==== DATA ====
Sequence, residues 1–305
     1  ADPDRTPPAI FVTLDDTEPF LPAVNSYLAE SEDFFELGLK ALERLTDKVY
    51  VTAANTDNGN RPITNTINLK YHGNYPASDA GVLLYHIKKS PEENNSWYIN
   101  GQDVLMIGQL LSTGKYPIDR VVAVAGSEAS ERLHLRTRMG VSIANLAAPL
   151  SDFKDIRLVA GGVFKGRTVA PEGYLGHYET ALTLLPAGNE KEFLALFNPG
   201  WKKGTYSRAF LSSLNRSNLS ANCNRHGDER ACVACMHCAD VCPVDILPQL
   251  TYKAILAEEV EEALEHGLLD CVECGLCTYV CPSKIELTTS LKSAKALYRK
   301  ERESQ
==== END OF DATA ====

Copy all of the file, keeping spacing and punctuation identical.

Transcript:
Sequence, residues 1–305
     1  ADPDRTPPAI FVTLDDTEPF LPAVNSYLAE SEDFFELGLK ALERLTDKVY
    51  VTAANTDNGN RPITNTINLK YHGNYPASDA GVLLYHIKKS PEENNSWYIN
   101  GQDVLMIGQL LSTGKYPIDR VVAVAGSEAS ERLHLRTRMG VSIANLAAPL
   151  SDFKDIRLVA GGVFKGRTVA PEGYLGHYET ALTLLPAGNE KEFLALFNPG
   201  WKKGTYSRAF LSSLNRSNLS ANCNRHGDER ACVACMHCAD VCPVDILPQL
   251  TYKAILAEEV EEALEHGLLD CVECGLCTYV CPSKIELTTS LKSAKALYRK
   301  ERESQ